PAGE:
When it comes to extended family and friend gift exchanges, “think about choosing to share the fun by picking a single name, so that everyone has to buy just one wonderful gift,” Cappellino said. Feld recalled hearing about a mom on a tight budget telling her young children, “Santa Claus has put me on a budget.” The doctor also urged talking to children about what makes a good present. “There is no greater gift,” she said, “than sharing time.”
3. Get good shut-eye: “If I were to highlight one piece, No. 1, I would tell people to sleep,” Feld said. “We certainly tend not to get enough during the regular year and it gets worse during the holidays.” Adults need seven to eight hours of quality sleep, and children eight to 10; and everyone should be in bed by midnight.
The lack of proper sleep zaps the ability to rationalize and “be on your game”; it changes moods, making you more irritable, and can worsen depression; and it makes it harder to react well to stress, causing you to eat more and exercise less, Feld said. “Often what we call a lack of willpower,” she said, “is a lack of sleep.”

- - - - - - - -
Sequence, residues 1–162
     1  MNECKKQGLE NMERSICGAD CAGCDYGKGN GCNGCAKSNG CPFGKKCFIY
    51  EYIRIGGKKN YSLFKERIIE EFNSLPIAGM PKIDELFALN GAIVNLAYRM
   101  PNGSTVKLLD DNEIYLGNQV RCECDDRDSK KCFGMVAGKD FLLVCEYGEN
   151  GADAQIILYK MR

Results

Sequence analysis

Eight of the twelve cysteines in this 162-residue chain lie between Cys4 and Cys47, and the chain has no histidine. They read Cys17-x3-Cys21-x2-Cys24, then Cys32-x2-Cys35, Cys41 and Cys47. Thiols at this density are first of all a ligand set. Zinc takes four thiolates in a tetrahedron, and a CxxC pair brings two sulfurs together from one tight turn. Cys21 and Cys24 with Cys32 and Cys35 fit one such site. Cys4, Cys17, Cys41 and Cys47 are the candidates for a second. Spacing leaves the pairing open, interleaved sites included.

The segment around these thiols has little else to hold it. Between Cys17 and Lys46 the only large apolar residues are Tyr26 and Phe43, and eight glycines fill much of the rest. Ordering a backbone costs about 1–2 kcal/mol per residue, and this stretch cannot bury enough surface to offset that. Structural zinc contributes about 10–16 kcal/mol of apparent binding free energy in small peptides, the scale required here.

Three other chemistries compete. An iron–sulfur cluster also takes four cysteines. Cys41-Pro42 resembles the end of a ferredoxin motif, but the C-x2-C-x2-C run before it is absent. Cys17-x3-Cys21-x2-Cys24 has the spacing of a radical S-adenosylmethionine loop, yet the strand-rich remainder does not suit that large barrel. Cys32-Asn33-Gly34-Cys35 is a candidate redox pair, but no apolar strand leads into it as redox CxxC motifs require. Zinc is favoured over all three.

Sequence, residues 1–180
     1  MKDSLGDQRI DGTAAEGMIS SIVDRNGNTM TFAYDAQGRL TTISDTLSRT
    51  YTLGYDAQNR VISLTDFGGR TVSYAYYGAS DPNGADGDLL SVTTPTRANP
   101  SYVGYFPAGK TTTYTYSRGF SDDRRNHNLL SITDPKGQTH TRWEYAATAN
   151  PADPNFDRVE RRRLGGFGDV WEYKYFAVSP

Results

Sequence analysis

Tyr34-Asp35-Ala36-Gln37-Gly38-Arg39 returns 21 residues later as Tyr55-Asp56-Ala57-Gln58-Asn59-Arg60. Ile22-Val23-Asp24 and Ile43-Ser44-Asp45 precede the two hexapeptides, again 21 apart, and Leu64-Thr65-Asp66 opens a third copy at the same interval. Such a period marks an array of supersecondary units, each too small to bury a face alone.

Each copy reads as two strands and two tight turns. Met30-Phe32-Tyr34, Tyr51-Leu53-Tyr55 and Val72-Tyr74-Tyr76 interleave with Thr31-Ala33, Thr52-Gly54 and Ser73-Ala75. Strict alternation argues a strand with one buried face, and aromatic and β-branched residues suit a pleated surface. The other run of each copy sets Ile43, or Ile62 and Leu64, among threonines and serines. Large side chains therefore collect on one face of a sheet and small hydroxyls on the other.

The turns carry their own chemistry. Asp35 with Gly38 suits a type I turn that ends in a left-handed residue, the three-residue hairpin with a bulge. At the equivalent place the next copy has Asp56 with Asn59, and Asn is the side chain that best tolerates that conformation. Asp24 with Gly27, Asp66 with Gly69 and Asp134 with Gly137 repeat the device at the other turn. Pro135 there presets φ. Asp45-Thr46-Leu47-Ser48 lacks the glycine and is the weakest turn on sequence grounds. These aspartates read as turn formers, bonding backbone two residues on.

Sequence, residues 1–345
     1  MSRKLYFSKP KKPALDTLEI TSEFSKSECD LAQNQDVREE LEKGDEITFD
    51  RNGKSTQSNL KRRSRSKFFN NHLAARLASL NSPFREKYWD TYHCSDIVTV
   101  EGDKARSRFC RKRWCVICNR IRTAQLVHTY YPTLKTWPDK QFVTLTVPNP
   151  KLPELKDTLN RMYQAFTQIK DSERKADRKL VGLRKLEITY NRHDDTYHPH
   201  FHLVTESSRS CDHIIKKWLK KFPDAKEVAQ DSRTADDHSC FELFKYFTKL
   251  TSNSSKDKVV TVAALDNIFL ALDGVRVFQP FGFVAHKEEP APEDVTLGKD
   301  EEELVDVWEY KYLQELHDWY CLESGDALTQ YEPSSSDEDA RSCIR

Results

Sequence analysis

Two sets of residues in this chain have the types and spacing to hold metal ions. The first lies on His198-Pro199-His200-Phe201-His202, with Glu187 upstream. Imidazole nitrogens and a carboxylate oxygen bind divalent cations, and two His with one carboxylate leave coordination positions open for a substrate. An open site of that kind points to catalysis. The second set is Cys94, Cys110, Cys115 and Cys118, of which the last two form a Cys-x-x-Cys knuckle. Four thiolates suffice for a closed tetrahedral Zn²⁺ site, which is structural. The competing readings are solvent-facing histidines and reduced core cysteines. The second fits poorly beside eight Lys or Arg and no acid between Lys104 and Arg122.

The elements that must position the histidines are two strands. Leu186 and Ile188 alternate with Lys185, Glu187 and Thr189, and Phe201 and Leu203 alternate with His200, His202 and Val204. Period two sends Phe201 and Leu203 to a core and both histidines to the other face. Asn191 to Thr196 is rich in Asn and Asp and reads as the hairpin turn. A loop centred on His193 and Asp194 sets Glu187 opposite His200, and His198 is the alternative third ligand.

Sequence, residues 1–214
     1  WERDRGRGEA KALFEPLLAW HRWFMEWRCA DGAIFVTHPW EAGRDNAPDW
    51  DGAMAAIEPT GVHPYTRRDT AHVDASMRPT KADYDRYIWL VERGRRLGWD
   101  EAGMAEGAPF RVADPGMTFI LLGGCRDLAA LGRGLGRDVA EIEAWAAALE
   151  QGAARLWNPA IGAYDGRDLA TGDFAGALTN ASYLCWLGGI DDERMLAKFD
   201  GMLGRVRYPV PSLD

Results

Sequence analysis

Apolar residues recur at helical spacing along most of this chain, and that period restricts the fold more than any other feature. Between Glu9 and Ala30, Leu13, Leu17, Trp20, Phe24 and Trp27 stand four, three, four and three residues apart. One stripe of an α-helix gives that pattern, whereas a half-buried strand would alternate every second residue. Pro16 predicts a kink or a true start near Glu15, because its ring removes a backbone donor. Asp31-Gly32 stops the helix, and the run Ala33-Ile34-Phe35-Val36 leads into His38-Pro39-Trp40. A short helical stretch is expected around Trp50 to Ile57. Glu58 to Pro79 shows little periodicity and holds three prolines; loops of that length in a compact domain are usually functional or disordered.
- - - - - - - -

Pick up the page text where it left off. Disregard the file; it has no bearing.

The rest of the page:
4. Reframe the wait: What do you remember most about your trip to Disney World – the long lines or the good times? How you answer that says a lot about how well you prepare yourself for holiday shopping and traffic. “I don’t think we take time to think things through,” Britting said. “There’s more depth to life. It can become more beautiful, sacred, holy.”
Even at the mall? Yes, said Feld. “Understand that’s what you’re facing, and make it enjoyable.” She suggested shopping with a friend who can drop you off, find a parking space and grab you both coffee while you wait in line together. And here’s a shameless plug: If you’re going to be alone in line, bring a newspaper to read.
5. Family matters: Holiday time is often family time, like it or not, and things can be complicated. Those who have lost loved ones since last holiday season can be particularly vulnerable, as can those dealing with other family tragedies or differences. “If you are missing a loved one who passed, find ways to honor that person,” Cappellino said. “Get family together to celebrate their life; make a donation in their memory to make someone else’s holiday season better.”